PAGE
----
Association for Metroarea Autistic Children Inc. (AMAC) was founded in 1961 by Patricia B. Selch and two parents of children with autism, Barbara Blum and Gloria Mellin. Autism had recently been diagnosed in young children and The National Organization for Mentally Ill Children (NOMIC) based in Washington D.C. and associated with NIH, wanted to organize chapters in various cities to deal with these children. At that time autism was a new word and few people knew what it meant so “mentally ill” was the term chosen to designate this diagnosis and AMIC (Association for mentally ill children) was started with 3 children and one teacher borrowed from the League for Emotionally Disturbed Children in Brooklyn, the only school for these children at that time. > > > > AMIC was given a classroom by The First Presbyterian Church because the minister, Jack Mellin, had an autistic son. The church was very supportive and gave us more rooms as needed. Our mission was to help the children and their families cope with their problems and to educate them to the best of their ability. A directive had gone out that all children must be given an education but autistic children were not included at this time. We felt that we would take on this responsibility until classes were created in the public schools.
We were supported in this by the Board of Education. We had 1 teacher for every 3 children and our technique seemed to work. We based our work on Applied Behavior Analysis (ABA) methodology. The children progressed and the families were better able to work with and understand their children. We also instituted afterschool and Saturday programs. These helped the children to socialize and gave the parents respite from what was at times viewed as overwhelming and challenging days.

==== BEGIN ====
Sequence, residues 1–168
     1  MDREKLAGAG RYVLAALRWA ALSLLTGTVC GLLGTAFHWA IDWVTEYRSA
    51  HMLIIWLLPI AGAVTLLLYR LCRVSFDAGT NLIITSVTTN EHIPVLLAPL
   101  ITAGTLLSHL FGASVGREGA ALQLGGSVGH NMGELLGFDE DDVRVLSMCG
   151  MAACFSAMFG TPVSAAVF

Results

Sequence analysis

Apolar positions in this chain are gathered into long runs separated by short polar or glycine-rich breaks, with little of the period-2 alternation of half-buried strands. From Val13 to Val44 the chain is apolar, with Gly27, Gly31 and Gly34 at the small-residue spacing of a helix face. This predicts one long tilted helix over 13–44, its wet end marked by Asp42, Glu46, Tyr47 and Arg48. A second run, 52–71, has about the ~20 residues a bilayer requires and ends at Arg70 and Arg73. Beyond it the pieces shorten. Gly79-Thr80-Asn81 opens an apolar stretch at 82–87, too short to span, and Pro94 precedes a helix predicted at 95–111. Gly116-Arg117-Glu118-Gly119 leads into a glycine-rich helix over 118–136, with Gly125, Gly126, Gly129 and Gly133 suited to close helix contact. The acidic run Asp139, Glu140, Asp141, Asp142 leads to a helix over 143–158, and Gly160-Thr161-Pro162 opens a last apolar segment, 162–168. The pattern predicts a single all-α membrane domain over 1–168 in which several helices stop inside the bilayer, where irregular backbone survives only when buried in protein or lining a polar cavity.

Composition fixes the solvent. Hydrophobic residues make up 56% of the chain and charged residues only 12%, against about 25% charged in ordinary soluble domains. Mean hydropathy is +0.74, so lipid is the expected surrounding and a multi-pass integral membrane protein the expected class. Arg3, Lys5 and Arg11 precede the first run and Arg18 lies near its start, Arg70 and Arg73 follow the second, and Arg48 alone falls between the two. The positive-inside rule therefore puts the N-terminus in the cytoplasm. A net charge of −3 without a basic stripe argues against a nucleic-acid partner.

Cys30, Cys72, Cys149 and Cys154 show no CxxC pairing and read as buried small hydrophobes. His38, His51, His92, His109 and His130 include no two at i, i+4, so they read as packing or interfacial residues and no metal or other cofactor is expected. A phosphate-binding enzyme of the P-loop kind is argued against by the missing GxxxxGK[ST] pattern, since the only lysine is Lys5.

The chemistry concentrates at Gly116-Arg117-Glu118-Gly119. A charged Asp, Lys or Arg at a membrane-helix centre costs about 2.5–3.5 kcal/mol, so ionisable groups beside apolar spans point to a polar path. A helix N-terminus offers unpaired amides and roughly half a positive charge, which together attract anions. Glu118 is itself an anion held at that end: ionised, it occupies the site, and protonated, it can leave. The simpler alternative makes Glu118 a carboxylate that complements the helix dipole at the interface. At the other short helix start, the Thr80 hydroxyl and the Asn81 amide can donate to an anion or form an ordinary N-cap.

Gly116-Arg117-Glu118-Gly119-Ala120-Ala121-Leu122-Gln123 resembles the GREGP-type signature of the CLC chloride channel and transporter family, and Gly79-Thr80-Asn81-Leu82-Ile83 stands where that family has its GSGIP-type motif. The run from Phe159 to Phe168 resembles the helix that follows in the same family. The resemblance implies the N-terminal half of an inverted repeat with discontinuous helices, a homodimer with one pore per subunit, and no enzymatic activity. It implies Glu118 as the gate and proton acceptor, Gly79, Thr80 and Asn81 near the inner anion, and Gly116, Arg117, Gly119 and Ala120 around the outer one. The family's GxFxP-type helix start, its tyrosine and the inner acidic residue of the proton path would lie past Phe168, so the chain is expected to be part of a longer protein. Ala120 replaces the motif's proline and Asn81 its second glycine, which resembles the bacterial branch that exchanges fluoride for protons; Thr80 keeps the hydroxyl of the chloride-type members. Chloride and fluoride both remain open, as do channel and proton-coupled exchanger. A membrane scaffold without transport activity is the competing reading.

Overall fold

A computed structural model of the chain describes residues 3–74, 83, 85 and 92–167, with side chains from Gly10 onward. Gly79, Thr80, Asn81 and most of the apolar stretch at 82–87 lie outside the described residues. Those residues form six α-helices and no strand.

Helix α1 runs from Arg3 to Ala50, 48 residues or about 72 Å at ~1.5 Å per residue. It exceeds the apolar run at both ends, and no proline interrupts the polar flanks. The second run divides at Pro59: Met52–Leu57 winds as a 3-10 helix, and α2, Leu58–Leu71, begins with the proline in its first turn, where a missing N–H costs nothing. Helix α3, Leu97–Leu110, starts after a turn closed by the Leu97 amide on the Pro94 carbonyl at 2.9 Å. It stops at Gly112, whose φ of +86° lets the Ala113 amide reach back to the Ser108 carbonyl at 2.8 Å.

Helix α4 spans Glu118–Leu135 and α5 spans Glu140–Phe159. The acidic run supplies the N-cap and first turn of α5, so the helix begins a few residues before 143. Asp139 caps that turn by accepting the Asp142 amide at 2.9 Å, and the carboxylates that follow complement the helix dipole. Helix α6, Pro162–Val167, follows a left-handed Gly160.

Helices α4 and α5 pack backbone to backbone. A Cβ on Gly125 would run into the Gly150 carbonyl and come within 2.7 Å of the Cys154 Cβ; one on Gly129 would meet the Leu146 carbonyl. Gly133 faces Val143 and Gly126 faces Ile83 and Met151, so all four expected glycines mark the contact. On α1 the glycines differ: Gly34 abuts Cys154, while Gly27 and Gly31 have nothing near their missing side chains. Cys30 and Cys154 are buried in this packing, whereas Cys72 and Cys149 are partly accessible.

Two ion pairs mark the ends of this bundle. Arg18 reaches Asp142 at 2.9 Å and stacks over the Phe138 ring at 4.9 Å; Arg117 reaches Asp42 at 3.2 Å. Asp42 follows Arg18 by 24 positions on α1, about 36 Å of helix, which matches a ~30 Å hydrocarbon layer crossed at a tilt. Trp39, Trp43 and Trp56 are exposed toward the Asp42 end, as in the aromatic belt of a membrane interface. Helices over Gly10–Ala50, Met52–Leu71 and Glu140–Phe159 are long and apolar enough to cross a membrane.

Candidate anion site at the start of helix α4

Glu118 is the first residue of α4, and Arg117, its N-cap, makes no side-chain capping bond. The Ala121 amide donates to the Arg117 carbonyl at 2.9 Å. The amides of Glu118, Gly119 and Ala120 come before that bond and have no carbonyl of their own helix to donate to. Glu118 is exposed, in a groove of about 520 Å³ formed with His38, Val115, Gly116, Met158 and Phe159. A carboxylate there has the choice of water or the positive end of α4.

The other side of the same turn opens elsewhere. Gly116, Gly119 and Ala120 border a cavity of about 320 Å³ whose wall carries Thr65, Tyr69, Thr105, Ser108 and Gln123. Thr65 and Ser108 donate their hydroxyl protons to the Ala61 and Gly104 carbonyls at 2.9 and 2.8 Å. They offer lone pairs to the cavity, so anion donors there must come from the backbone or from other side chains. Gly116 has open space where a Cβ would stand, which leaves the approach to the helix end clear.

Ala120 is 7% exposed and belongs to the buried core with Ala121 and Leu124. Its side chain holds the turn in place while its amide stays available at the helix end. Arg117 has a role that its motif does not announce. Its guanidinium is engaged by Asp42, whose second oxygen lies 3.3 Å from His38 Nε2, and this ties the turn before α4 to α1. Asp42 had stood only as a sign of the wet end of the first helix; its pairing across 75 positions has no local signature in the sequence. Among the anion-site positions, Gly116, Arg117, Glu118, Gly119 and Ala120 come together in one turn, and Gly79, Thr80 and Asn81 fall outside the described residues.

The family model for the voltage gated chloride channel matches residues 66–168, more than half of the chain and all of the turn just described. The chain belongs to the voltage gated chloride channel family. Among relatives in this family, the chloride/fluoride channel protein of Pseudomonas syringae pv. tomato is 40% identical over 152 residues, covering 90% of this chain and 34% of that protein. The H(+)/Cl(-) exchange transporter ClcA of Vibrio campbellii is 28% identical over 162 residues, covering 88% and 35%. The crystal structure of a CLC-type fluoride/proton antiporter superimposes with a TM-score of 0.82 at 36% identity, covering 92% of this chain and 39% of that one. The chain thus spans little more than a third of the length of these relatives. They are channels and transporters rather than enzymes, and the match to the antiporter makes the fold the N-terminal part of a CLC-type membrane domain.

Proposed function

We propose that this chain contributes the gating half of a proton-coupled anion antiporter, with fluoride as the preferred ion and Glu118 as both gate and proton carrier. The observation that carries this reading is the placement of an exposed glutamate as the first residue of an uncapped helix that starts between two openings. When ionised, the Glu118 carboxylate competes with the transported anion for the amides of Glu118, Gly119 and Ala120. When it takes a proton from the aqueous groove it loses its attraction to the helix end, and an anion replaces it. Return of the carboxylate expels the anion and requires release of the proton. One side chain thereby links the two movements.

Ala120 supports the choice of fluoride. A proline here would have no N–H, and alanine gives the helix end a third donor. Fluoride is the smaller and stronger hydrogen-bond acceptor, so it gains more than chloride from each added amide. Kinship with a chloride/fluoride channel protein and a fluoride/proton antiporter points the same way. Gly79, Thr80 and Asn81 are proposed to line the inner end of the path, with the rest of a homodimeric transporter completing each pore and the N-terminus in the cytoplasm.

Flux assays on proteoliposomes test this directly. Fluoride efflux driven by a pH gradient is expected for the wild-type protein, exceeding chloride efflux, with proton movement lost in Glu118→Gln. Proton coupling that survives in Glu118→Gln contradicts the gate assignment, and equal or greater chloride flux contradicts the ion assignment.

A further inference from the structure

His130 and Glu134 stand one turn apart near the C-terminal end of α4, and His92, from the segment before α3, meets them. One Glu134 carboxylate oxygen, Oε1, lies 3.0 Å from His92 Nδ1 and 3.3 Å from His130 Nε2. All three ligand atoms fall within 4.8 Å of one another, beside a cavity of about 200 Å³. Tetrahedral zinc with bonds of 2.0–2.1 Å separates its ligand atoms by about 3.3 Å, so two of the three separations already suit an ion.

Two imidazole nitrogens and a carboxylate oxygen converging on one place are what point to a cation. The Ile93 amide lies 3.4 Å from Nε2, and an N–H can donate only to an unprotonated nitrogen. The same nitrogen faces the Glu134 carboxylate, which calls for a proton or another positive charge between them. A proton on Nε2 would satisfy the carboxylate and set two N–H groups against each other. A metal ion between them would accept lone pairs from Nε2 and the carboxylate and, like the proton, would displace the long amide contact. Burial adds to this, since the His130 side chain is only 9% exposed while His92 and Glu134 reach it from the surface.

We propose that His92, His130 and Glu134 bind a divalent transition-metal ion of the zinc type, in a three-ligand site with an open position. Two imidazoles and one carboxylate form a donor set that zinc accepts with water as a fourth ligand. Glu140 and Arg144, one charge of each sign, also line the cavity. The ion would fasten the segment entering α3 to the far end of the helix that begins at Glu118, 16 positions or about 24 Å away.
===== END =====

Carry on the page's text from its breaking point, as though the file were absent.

In 1964 we established a summer camp in collaboration with The Beaumont Camp in Parksville, NY. Tess Sheingorn was the autistic camp supervisor in 1967. In 1970, Mrs. Nunemaker financed a special section and buildings for special children at the Presbyterian Camp. This was the first camp where autistic children could go and where there was enough staff to guarantee care and education. We continued the structure of the school at the camp. At this time Tess Sheingorn became the principal of the school and the head of the camp at its new location. Soon after, 19 classrooms were established in public schools. We had fulfilled our first mission. We decided to concentrate on the afterschool programs and camp. However, seriously disturbed children still were sent to us and so we started back into the business of school.
The diagnosis for children with autism was ultimately changed. These children were no longer mentally ill; they were developmentally disabled. Autism was no longer misunderstood and we changed our name to Association in Manhattan for Autistic Children (AMAC). Over the years AMAC grew from dealing with 3 families to a $11 million-dollar organization dealing with over 350 families in all aspects of their lives.
The organization later changed its name to Association for Metroarea Autistic Children Inc. (AMAC). AMAC has always prided itself on providing services to students and adults who have been diagnosed with autism or are on the autism spectrum. Our children continue to grew up and we continue to help them throughout their lives.